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Christopher J. Preston is the author of Grounding Knowledge: Environmental Philosophy, Epistemology, and Place, the editor of Engineering the Climate: The Ethics of Solar Radiation Management, and the coeditor, with Wayne Ouderkirk, of Nature, Value, and Duty: Life on Earth with Holmes Rolston III. He is a noted expert in environmental philosophy and the ethics of emerging technologies and teaches philosophy at the...

Douglas W. Rae

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Douglas Rae is a professor of political science and management at Yale University and the author of City: Urbanism and Its End and numerous other works about cities in capitalist settings. In 1990–91 he served as chief administrative officer of New Haven under John Daniels, the city’s first African American mayor. His many honors include the Hurfurth and Hallett Prizes.

Becky Duval Reese

Becky Duval Reese is the retired director of the El Paso Museum of Art.

Robert Rivard

Robert Rivard is the former editor and vice-president of the San Antonio Express-News and the founder and director of the Rivard Report, an online local magazine serving San Antonio’s urban core.

Riley Robinson

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Riley Robinson has been the studio director for Artpace San Antonio since 1994. He has curated the exhibitions San Antonio Collects and Made By Hand: Straight to Video at the Blue Star Contemporary Arts Center, and Morton Hebsgaard at Cactus Bra Space. His artwork has been exhibited in San Antonio at Sala Diaz and the Southwest School of Art and Craft, and at Testsite, Austin; the Matfest Outdoor Invitational...

Pattiann Rogers

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Pattiann Rogers is the author of more than fifteen books of poetry and prose, including Wayfare, Firekeeper, Generations, and the forthcoming Holy Heathen Rhapsody. She has been widely anthologized and published in the New Yorker, Orion, the Paris Review, Wilderness, the New Republic, and many other journals. She is the recipient of two NEA grants, a Guggenheim fellowship, the Lannan Literary Award for Poetry, and...

David Rothenberg

Philosopher and musician David Rothenberg is the author of Thousand Mile Song, about making music with whales; Why Birds Sing; Sudden Music: Improvisation, Art, Nature; Blue Cliff Record: Zen Echoes; Hand's End: Technology and the Limits of Nature; and Always the Mountains. He is a professor of philosophy and music at the New Jersey Institute of Technology. 

Louis D. Rubin, Jr.

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Editor, novelist, essayist, teacher, and publisher Louis D. Rubin, Jr. has had an immeasurable effect on a generation of North Carolina writers and readers. Born in Charleston in 1923, Rubin studied at the College of Charleston, the University of Richmond, and Johns Hopkins University. He is the author over forty books. His awards and honors include Fulbright and Guggenheim fellowships, the Oliver Max Gardner Award,...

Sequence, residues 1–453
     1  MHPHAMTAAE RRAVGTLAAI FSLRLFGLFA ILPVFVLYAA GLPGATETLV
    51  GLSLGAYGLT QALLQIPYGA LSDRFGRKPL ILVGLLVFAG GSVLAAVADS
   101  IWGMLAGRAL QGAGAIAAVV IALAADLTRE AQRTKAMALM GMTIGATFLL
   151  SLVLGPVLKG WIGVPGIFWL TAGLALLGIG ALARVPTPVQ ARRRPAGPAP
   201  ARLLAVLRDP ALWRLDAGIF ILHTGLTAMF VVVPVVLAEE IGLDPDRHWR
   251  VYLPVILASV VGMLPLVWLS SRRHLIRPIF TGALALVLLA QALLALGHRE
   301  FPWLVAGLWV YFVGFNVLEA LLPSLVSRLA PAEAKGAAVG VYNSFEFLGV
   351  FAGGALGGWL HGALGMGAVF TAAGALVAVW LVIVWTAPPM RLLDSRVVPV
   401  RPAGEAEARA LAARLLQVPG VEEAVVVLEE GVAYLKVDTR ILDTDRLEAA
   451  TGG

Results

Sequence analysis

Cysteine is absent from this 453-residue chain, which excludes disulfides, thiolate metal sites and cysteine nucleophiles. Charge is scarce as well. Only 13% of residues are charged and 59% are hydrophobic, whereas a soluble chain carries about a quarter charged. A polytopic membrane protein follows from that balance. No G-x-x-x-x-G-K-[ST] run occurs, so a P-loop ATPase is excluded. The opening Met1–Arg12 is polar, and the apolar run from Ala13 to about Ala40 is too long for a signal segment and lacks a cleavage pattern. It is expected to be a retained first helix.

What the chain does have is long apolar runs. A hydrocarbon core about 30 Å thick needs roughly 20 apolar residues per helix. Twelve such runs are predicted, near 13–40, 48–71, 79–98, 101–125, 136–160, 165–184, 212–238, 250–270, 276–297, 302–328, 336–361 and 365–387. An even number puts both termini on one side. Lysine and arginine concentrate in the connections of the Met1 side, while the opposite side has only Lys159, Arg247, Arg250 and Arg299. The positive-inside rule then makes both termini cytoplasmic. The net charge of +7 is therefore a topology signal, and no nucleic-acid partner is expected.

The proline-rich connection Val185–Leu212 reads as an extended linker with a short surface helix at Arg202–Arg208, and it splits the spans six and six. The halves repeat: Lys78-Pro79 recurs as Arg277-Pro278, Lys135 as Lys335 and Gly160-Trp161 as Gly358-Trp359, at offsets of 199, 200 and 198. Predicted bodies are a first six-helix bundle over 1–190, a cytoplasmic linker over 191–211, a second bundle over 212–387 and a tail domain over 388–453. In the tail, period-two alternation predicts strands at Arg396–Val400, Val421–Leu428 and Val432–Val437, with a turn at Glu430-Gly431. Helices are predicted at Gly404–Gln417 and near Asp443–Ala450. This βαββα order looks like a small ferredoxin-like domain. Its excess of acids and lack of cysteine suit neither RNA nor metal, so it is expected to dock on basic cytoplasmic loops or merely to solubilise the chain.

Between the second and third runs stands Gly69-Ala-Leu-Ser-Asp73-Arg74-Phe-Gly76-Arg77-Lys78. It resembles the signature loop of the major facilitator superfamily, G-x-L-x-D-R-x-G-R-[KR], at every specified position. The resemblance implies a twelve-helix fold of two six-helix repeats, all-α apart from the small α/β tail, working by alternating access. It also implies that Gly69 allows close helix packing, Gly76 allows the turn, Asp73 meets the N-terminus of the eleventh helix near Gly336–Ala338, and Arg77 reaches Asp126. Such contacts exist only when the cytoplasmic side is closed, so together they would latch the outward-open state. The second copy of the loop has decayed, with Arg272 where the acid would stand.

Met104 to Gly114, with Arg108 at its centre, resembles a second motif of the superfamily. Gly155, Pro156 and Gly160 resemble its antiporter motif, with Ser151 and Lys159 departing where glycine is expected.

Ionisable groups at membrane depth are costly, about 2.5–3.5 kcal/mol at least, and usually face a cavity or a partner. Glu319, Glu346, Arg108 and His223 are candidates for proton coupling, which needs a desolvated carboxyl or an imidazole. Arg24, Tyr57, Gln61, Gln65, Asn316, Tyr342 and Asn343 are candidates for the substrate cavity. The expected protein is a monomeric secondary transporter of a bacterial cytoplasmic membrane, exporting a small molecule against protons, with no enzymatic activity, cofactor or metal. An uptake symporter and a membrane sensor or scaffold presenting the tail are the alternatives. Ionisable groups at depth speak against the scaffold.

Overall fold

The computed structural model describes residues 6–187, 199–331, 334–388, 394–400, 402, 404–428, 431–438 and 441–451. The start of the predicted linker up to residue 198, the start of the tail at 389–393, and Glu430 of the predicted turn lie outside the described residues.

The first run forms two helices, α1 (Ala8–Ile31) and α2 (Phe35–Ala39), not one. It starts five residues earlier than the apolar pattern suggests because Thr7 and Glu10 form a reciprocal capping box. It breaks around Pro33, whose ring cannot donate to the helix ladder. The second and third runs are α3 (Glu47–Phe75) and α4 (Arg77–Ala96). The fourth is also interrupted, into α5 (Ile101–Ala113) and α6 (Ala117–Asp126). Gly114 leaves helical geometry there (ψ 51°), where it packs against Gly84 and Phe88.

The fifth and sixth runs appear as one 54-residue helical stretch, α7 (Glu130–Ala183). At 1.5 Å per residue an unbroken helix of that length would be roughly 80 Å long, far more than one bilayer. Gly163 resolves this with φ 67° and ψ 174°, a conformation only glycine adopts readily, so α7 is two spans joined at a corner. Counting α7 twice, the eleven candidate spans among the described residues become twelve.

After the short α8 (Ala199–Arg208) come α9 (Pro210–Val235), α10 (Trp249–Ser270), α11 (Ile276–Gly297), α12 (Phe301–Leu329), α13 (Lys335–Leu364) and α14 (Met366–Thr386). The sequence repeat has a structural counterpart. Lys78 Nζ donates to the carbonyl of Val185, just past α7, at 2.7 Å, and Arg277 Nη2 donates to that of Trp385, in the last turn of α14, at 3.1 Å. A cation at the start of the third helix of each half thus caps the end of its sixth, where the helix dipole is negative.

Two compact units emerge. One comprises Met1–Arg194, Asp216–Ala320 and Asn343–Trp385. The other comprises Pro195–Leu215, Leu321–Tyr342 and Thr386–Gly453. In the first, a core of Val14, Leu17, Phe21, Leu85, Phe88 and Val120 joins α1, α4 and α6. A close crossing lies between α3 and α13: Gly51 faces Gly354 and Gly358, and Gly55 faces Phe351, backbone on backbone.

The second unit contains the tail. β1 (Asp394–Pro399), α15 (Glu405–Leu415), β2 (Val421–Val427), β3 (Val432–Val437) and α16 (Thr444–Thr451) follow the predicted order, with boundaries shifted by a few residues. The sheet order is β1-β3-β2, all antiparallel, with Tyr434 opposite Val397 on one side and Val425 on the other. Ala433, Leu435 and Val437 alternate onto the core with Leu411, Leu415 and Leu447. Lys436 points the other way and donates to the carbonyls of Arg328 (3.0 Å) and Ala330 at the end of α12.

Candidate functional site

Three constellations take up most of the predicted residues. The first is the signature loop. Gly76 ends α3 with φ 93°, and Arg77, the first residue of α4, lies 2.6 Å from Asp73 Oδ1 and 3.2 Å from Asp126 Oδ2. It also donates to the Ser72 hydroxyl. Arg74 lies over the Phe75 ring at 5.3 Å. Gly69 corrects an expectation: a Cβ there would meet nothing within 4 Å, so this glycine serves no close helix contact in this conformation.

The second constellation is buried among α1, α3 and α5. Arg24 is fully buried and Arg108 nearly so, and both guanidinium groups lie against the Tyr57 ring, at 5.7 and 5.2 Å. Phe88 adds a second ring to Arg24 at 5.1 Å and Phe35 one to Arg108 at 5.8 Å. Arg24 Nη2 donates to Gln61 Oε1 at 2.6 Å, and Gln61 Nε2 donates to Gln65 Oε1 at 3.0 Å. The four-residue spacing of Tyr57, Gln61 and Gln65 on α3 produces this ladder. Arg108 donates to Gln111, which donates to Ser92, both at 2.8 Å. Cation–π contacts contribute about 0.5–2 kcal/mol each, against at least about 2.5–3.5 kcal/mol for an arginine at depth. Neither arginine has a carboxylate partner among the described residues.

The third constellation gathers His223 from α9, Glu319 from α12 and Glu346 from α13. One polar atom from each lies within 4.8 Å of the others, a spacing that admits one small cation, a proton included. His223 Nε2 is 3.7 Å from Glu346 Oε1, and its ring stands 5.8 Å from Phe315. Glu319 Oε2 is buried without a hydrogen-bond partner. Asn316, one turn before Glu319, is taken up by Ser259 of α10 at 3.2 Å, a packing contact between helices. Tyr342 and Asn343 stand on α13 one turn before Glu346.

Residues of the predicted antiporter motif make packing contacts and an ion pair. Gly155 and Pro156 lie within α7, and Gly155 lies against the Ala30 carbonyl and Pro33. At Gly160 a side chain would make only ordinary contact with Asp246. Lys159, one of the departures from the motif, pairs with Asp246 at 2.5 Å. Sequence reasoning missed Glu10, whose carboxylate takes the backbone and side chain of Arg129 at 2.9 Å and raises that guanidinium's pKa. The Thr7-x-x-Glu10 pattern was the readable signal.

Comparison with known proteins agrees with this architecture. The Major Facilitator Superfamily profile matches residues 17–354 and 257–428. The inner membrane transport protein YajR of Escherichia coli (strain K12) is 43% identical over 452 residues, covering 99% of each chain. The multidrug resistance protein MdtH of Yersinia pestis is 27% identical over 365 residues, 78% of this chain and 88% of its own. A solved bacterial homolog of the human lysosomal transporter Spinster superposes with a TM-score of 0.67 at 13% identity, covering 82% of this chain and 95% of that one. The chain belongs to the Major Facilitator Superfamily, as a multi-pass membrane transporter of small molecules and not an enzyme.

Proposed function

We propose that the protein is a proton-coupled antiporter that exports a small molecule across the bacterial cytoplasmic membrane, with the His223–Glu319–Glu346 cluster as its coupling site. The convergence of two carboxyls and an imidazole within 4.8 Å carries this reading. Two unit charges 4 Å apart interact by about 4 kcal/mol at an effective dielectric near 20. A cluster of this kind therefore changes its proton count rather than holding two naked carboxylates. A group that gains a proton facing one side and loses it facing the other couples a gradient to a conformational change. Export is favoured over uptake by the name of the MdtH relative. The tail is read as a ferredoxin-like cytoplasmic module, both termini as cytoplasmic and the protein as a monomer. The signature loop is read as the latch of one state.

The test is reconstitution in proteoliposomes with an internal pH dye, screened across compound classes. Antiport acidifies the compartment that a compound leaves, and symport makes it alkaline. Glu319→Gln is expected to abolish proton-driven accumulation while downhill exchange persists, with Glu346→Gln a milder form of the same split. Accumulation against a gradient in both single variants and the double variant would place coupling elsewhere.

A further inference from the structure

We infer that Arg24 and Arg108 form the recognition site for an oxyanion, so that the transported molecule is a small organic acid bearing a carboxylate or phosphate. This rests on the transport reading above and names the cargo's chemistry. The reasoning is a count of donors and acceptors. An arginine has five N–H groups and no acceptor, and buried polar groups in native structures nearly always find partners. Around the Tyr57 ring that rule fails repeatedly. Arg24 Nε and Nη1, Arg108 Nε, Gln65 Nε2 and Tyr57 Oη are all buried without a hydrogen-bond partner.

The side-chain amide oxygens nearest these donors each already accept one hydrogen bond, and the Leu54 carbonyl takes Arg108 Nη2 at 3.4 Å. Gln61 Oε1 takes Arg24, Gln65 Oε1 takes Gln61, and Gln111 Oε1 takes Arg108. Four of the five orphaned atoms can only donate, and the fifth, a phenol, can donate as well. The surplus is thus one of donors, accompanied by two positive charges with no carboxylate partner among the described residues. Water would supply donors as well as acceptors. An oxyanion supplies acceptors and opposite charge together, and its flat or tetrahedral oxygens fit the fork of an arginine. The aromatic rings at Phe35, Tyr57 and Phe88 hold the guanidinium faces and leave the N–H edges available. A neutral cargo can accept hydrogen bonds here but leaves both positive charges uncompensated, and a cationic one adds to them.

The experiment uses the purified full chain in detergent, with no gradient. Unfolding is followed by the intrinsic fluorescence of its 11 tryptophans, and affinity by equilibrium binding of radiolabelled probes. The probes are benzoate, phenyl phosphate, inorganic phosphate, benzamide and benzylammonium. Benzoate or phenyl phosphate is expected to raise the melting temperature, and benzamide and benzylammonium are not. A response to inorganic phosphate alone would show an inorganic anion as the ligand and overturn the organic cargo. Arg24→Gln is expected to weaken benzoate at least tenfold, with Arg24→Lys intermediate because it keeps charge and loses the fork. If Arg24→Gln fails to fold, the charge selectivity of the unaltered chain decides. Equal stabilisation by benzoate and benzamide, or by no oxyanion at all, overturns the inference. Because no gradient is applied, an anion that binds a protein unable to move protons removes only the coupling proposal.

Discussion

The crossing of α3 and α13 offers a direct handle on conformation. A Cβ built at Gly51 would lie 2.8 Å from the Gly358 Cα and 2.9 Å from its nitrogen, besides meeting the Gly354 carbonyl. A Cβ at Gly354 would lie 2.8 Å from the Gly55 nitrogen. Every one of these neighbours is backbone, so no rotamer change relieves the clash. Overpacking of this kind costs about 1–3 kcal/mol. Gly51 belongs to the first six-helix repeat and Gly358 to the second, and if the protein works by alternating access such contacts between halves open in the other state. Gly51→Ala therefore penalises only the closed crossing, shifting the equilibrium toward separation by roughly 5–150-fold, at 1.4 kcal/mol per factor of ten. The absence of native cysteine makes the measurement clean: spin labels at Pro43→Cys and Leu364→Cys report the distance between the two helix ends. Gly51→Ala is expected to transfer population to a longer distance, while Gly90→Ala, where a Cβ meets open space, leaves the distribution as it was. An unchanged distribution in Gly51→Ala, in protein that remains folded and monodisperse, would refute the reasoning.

Jan Jarboe Russell

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Jan Jarboe Russell, a journalist and author, is vice president of the Linda Pace Foundation. She was appointed a trustee by Linda Pace when Pace founded the organization in April 2003. During a long career in journalism, Russell has published hundreds of newspaper and magazine articles in the San Antonio Express-NewsTexas MonthlySlate, the New York Times, and other publications. She is the author of Lady Bird: A...


Mark Louis Rybczyk

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An award-winning disc jockey, Mark Louis Rybczyk started his career at KXZL, WOAI, and KJ-97 in San Antonio before moving to 96.3 KSCS in Dallas, where he had the longest-running morning show in the Dallas–Fort Worth area. Rybczyk also penned The Travis Club, a historical thriller based on San Antonio lore.  

Natasha Sajé

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Natasha Sajé is the author of three award-winning poetry collections, most recently Vivarium, and the postmodern poetry handbook Windows and Doors: A Poet Reads Literary Theory. She is a professor of English at Westminster College and a faculty member in the Vermont College MFA in Writing Program. She lives in Salt Lake City.


Tomaž Šalamun

Tomaž Šalamun was widely recognized as a leading Central European poet and has been translated into many languages. He lived in Ljubljana, Slovenia, and often taught and gave readings in the United States. His many prizes include the European Prize for Poetry. His recent books translated into English are Poker, Blackboards, The Book for My Brother, Row, and Woods and Chalices.

Joel Salcido

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Joel Salcido grew up in Mexico and the United States, straddling two languages and two cultures. His images appear in the collections of the Museum of Fine Arts Houston, the El Paso Museum of Art, the Harry Ransom Humanities Center at the University of Texas at Austin, and the Wittliff Collections at Texas State University. Additional acquisitions have been made by the Federal Reserve Bank, the University of Texas at...

Paul Salopek

Paul Salopek is an American journalist. A two-time Pulitzer Prize–winning journalist, he was raised in central Mexico. In 2013 he embarked on the Out of Eden Walk, a seven-year, 20,000-mile transcontinental foot journey along one of the migration routes taken by early humans out of Africa. Funded by the National Geographic Society, the Knight Foundation, and the Abundance Foundation, the project aims to immerse...